Review Summary: A splendid journey into the self-explanatory rhelmes of "dark folk."
2012 has, by this writer's estimation at least, been a bit slow out of the blocks, but one thing that can't be argued with is that folk music has gotten off to a flyer. This week has seen the release of Swedish sisters First Aid Kit's stunning sophomore The Lion's Roar
to virtually universal acclaim, and although it's passed somewhat under-the-radar by comparison, the same could be said of the new album from Bristol singer-songwriter Matt Elliott. I'll be honest, I don't profess to have much (if any) in depth knowledge regarding Elliott's expansive discography, nor that of The Third Eye Foundation, the electronic project that he was formerly involved in. I could fake omniscience, but I'd be made to look like a fool by someone who actually does know their stuff, so this review is very much from an outsider's point of view. What I can make clear, however, is that on The Broken Man
his brand of "dark folk" works a treat, and makes for a record that's constantly rewarding and occasionally spellbinding.
There's not really any point in discussing the ins and outs of Elliott's sound, because at the end of the day that dubious genre - "dark folk" paints a clearer picture than any overly elaborate explanation. In simple terms, it's how you'd imagine Pink Moon
-era Nick Drake would sound, had be possessed a baritone and incorporated some of the psychedelic wanderings and Gothic overtones of Mark Lanegan. Sparse and cold, yet deep and beautiful, it's a record which revolves overwhelmingly around the singer's voice, and despite it's initial blankness there are moments when it can prove utterly spine-tingling. Nine-minute highlight 'Dust Flesh And Bone, for instance, carries with it a real sense of sorrow, with Elliott's wistful mourns of "this is how it feels to be alone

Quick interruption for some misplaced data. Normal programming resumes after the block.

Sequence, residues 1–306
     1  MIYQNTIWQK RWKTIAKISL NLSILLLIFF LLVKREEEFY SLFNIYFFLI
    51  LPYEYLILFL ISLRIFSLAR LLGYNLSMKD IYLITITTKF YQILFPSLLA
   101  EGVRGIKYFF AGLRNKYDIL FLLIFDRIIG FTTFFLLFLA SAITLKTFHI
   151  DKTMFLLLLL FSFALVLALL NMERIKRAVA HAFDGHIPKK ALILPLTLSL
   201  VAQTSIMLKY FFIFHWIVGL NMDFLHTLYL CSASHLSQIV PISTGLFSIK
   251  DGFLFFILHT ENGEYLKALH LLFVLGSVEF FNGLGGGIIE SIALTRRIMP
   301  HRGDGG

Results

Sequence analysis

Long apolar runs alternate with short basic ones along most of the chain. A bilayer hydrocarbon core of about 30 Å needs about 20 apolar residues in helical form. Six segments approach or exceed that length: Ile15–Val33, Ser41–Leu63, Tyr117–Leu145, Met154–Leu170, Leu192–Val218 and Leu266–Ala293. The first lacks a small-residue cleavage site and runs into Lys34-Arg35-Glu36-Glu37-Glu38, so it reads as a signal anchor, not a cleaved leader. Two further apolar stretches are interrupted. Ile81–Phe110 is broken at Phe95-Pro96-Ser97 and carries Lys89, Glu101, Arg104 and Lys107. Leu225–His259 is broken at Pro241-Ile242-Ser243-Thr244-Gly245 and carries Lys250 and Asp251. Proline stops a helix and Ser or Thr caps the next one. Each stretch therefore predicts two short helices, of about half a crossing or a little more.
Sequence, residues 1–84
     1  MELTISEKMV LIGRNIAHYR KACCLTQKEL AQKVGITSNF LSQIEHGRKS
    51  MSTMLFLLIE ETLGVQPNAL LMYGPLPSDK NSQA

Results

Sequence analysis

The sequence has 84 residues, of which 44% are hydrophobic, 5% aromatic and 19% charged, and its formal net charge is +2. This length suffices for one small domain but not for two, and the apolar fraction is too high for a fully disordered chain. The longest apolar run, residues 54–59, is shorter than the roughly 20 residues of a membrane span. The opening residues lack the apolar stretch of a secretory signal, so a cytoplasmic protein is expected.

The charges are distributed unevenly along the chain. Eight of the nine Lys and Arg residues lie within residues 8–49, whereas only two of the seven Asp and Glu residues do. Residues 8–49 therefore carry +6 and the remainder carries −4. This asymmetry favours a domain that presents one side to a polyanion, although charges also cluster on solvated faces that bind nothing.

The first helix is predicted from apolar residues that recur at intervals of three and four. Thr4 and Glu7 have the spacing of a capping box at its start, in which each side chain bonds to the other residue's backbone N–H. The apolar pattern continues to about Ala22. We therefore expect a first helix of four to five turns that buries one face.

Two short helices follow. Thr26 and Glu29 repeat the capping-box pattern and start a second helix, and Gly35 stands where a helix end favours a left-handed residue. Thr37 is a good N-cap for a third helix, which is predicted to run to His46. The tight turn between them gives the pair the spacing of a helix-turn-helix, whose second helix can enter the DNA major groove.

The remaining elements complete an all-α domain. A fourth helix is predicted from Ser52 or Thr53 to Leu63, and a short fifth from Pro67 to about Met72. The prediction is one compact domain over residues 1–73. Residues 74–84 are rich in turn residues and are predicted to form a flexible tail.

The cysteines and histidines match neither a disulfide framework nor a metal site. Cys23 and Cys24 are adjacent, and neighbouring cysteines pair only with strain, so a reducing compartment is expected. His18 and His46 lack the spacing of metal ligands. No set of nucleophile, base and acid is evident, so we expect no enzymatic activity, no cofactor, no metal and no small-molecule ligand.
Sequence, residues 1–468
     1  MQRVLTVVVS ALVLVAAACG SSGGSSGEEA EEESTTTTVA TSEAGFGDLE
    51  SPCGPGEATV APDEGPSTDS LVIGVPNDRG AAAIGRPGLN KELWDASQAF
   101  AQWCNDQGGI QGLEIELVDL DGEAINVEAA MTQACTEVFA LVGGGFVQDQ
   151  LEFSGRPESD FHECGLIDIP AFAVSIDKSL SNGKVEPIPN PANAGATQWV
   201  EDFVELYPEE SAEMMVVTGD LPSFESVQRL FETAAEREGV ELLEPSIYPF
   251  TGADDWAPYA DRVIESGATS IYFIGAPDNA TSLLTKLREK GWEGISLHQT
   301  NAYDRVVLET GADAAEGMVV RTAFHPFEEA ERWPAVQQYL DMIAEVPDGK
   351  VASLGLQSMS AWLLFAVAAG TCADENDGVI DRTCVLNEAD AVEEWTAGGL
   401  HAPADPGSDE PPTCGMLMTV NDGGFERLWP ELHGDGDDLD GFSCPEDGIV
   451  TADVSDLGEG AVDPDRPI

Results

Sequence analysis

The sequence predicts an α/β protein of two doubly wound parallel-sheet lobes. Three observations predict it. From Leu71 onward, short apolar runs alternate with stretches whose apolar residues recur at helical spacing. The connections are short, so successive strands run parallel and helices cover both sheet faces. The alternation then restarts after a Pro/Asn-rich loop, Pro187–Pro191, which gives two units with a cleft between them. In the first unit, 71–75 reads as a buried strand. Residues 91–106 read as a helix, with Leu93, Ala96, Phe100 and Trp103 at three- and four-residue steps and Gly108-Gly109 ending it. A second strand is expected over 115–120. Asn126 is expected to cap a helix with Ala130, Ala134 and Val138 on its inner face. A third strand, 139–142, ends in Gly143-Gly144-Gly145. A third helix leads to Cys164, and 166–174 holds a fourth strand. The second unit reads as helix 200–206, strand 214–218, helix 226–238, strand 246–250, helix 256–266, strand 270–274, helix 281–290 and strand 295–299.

" providing a staggering emotional punch that's genuinely unsettling. Such an extended run-time may seem a little much, but it's never less than captivating, and even so is far from being the most sprawling track here. 'If Anyone Tells Me' clocks in at thirteen minutes, with opener 'Oh How We Feel' not far behind at twelve, and it comes as no surprise that these cuts stand as the record's unmistakable centerpieces, with most of the other tracks seemingly concieved to fit around them.
This gives rise to a seamless sense of cohesion throughout - an improbable feat given that many of these songs seem to lack a recognisable structure. Indeed this complaint could be viewed as The Broken Man
's primary weakness, but truthfully it pales into insignificance when moulded the record's perennial intensity and unlikely flow, two features which reign supreme from the off. How does it compare to the rest of Elliott's works" I obviously couldn't tell you, but if nothing else it's convinced me to delve into his back catalogue in search of further delights. For now, though, this thoroughly excellent record is more than enough to get by with, and although it's one that requires a certain frame of mind to enjoy it'll no doubt find itself on my playlist for the rest of 2012, and potentially beyond.